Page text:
1. Ancient bristlecones. If you've never seen old bristlecone pines, old meaning more than 3,000 years old, this is your chance. Drive 12 miles up the Wheeler Peak Scenic Drive to the end of the road at the Bristlecone trailhead. Then plan for about an hour-long hike over a rocky trail at over 10,000 feet elevation to an amazing grove in the shadow of Wheeler Peak. Allow 30 minutes for the drive each way, plus 2-3 hours for the hike. You can hike beyond the grove to the rock glacier, add 0.5-2 hours depending on how far you go. Note that the parking area is starting to fill from about 10 am to 3 pm, so consider earlier or later, when the light is better and parking more abundant.
Hike to Wheeler cirque bristlecone grove in Great Basin National Park
Wheeler cirque rock glacier at 10,800 feet. There is still ice under the rocky shroud, at least in the upper portions of the rock glacier. A tiny real glacier is found along the headwall.

2. Cool off at higher elevations. Also at the end of the Scenic Drive is the Alpine Lakes Loop. This is a charming two-hour hike that visits Teresa and Stella Lakes. Take your time and soak in the cooler temperatures. Watch out for afternoon thunderstorms, high winds, and elevation sickness. The reward is amazing views. You can combine this with the bristlecone pine hike for a lovely longer hike.
Stella Lake at sunrise

3. Beautiful hikes. Great Basin National Park is a hiking park. The two trails mentioned above are relatively busy, but most of the others don't have much traffic!

3a. Short trails (approx. 30 minutes to 1 hour):
  • Mountain View Nature Trail behind Lehman Caves Visitor Center--through pinyon/juniper forest for 1/4 mile;
  • Sky Islands Forest Trail-Accessible trail at Bristlecone trailhead--through Engelmann spruce/limber pine forest for 1/4 mile, wheelchair accessible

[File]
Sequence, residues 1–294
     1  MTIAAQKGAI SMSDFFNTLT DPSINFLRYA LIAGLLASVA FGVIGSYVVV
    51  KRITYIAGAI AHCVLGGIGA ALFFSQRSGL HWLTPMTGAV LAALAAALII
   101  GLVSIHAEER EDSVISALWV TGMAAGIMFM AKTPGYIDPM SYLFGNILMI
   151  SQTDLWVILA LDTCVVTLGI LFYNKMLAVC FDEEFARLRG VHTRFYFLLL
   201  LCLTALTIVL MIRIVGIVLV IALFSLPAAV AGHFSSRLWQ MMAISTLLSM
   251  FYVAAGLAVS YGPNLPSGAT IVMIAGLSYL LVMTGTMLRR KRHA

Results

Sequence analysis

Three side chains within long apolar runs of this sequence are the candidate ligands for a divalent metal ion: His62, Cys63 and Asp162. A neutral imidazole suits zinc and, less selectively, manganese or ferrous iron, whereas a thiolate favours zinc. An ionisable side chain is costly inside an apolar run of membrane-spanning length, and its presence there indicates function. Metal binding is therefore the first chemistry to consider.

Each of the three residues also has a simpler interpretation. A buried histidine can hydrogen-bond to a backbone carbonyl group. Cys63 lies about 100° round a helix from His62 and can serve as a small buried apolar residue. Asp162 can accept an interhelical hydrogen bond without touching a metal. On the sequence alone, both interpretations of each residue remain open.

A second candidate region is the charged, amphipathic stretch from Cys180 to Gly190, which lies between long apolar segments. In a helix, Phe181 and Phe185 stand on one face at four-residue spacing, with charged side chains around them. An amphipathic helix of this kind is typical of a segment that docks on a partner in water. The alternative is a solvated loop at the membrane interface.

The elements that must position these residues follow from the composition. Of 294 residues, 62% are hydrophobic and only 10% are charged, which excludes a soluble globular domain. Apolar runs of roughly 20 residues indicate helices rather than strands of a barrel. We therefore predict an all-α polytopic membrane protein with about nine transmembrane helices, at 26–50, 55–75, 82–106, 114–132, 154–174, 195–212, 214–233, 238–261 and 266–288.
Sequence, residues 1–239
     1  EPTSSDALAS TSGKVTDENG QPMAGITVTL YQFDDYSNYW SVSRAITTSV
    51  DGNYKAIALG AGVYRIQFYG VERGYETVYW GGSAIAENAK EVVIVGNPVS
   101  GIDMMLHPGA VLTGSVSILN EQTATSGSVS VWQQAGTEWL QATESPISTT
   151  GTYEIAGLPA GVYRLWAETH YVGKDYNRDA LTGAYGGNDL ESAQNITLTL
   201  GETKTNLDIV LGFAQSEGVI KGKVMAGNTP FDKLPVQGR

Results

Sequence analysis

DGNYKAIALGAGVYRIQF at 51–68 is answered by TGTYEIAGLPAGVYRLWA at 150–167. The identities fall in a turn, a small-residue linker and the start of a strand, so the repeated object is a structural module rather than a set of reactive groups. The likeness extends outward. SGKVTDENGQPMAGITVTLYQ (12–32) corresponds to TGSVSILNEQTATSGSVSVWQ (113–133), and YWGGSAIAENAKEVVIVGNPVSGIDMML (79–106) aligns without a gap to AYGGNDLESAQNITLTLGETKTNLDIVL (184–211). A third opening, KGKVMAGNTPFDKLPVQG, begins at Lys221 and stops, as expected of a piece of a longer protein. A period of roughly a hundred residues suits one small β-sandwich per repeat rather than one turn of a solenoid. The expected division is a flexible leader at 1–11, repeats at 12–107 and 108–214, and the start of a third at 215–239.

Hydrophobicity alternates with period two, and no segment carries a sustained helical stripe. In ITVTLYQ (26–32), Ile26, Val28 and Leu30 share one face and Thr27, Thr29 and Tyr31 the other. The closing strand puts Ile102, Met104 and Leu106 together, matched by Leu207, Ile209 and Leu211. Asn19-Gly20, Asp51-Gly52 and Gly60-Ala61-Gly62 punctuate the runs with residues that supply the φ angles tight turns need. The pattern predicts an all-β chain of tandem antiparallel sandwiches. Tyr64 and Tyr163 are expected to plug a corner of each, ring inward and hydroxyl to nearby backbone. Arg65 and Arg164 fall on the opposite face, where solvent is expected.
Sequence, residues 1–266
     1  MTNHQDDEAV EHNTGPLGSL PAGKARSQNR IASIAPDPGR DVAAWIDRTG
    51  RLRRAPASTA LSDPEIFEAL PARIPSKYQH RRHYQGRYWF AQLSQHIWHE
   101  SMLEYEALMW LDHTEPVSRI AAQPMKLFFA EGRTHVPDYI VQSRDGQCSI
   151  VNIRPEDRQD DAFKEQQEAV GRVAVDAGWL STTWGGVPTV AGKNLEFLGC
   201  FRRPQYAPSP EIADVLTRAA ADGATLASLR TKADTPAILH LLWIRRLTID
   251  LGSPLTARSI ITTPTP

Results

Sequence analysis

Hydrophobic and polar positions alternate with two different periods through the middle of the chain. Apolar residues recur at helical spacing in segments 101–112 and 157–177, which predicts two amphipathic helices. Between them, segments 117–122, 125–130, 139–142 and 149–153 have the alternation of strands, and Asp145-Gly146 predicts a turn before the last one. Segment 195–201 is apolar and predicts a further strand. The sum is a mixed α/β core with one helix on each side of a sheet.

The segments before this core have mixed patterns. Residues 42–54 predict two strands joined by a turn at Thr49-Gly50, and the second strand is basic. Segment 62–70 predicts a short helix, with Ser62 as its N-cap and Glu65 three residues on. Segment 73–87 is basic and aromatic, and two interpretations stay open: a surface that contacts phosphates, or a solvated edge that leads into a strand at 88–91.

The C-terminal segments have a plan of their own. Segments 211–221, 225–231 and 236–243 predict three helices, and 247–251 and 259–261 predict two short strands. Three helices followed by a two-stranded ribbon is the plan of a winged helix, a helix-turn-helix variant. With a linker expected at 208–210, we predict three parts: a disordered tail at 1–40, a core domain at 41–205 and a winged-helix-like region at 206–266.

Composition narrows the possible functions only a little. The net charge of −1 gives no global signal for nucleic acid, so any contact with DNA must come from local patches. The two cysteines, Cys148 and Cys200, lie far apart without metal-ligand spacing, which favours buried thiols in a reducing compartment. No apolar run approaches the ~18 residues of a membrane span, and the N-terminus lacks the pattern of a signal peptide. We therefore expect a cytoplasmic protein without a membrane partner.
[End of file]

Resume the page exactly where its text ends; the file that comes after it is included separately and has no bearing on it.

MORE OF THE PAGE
• Strawberry Sagebrush Loop Trail: 1+ mile loop that lets you look at how the landscape is recovering after the 2016 Strawberry fire
  • Start any of these other trails listed below and turn around when you want
3b. Medium trails (2-4 hours)
  • South Fork Baker/Baker Lake loop: 3.5 mile loop, steep in places, but gorgeous, follows riparian areas
  • Serviceberry Trail: 3+ mile loop along Snake Creek road with a variety of habitats
  • Lexington Arch: 6+ mile round-trip hike to a huge natural bridge; dogs allowed (here's more about the canyon)
  • Osceola Ditch Trail: 1.5 miles to Mill Creek, 5 miles to Strawberry Creek trailhead, steep for first 0.3 mile, then the the flattest trail in the park, follows old water ditch and goes through 2016 burn
  • Bristlecone/Alpine Loops trails mentioned above

3c. Long trails (>3 hours)
  • South Fork Baker/Timber Creek loop: 5.5 miles but lots of elevation change, two beautiful meadows
  • Dead Lake: a new trail from the end of the Snake Creek road heads to this often-overlooked lake, and you can make a loop trail of it
  • Wheeler Peak summit: the trail is 4-miles one way, but gains 3,000 feet elevation. Many people underestimate the effort it will take. Plan on 3-4 hours to summit, some time at the top, and 2-3 hours to get back down. Take plenty of water and food and be prepared for big winds. Stay off if storms are looming.